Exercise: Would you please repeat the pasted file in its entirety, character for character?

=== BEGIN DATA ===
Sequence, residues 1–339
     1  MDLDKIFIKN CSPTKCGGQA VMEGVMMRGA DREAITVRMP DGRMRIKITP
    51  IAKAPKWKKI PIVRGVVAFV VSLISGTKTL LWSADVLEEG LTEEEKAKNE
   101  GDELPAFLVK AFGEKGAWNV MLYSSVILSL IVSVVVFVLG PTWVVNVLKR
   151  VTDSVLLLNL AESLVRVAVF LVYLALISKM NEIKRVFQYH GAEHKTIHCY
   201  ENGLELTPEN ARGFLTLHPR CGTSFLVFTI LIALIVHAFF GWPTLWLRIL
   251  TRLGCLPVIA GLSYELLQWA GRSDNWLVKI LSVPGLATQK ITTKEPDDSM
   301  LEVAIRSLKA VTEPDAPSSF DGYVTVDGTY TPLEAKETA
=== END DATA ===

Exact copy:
Sequence, residues 1–339
     1  MDLDKIFIKN CSPTKCGGQA VMEGVMMRGA DREAITVRMP DGRMRIKITP
    51  IAKAPKWKKI PIVRGVVAFV VSLISGTKTL LWSADVLEEG LTEEEKAKNE
   101  GDELPAFLVK AFGEKGAWNV MLYSSVILSL IVSVVVFVLG PTWVVNVLKR
   151  VTDSVLLLNL AESLVRVAVF LVYLALISKM NEIKRVFQYH GAEHKTIHCY
   201  ENGLELTPEN ARGFLTLHPR CGTSFLVFTI LIALIVHAFF GWPTLWLRIL
   251  TRLGCLPVIA GLSYELLQWA GRSDNWLVKI LSVPGLATQK ITTKEPDDSM
   301  LEVAIRSLKA VTEPDAPSSF DGYVTVDGTY TPLEAKETA